The 2013 Kyoto Prize ceremony was held Sunday afternoon in Kyoto, Japan and the Inamori Foundation awarded three Americans for lifetime global achievement in the areas of Advanced Technology, Basic Sciences and Arts&Philosophy.

We like jazz music but this site is not Jazz 2.0 so let's stick to the two relevant areas. 

The laureate in Basic Sciences is Dr. Masatoshi Nei, 82, an evolutionary biologist and professor at Penn State University, who made it possible to discuss evolutionary divergence, genetic diversity, and the mode of selection on genes in a quantitative manner by devising various statistical methods ― such as Nei’s Genetic Distance ― and applying them to molecular data. Using these methods,  Nei’s research has yielded important contributions to molecular evolutionary biology as well as many other academic disciplines, including ecology and conservation biology.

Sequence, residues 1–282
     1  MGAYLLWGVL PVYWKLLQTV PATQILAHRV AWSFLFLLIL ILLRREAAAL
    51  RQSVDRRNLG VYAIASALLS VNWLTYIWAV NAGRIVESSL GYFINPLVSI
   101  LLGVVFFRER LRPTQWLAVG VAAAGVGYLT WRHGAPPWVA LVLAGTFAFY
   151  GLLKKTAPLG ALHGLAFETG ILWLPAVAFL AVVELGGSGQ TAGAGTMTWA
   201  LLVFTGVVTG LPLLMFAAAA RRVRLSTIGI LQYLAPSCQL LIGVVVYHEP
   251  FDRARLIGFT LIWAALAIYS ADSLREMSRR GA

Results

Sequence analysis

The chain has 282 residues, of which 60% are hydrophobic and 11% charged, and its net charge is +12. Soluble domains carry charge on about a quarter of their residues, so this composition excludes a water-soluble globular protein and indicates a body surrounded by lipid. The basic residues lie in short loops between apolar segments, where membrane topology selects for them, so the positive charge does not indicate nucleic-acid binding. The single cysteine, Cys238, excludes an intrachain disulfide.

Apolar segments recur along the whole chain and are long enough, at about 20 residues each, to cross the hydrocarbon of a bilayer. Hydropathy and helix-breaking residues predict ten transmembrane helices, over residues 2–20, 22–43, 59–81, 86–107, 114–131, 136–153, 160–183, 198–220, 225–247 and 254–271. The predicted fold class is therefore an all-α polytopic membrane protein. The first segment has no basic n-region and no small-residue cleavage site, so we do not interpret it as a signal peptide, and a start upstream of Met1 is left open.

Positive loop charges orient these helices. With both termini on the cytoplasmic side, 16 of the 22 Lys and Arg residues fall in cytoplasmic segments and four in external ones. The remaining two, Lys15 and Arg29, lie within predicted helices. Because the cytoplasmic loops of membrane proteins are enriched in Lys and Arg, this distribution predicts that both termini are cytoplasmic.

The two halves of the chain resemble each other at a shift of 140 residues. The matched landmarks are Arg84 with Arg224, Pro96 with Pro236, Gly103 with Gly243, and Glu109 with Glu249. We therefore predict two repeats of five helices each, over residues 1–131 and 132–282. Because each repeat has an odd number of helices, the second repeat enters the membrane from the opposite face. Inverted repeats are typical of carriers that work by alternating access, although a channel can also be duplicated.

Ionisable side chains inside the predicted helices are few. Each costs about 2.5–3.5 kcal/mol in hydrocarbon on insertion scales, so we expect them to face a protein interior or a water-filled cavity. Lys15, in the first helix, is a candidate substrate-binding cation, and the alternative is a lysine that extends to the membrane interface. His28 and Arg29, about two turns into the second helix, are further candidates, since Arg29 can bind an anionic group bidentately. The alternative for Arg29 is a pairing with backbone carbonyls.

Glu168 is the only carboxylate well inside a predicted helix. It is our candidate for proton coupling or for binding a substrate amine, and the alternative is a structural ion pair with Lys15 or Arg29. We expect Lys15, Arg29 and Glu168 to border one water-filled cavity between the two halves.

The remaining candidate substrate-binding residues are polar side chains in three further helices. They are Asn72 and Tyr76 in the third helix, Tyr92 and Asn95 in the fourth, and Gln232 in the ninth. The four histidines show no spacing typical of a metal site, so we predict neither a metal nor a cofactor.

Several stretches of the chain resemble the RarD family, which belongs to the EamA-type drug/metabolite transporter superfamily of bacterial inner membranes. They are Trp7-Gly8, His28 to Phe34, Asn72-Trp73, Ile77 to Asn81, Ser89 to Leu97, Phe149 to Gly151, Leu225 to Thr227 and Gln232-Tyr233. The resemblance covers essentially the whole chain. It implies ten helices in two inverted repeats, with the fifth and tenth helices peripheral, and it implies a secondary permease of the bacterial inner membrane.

The Advanced Technologylaureate is IBM Fellow Dr. Robert Dennard, 81, an electrical engineer who invented the basic structure of Dynamic Random Access Memory (DRAM), which is now extensively utilized as an integrated circuit (IC) memory system. Since the 1970s, his innovation has immensely increased the capacity of digital information storage, leading to dramatic progress in information and telecommunications technology. Dennard and colleagues also proposed guidelines called “scaling theory” to miniaturize field-effect transistors (FET), which play key roles in most ICs (including DRAM) thereby promoting an epochal advance in IC technology.  

Robert Heath Dennard and Masatoshi Nei

Each laureate received a 20-karat gold Kyoto Prize medal, a cash gift of 50 million yen (about US $500,000) and a diploma in recognition of lifelong contributions to society.

The Kyoto Prize is Japan's highest award for global achievement.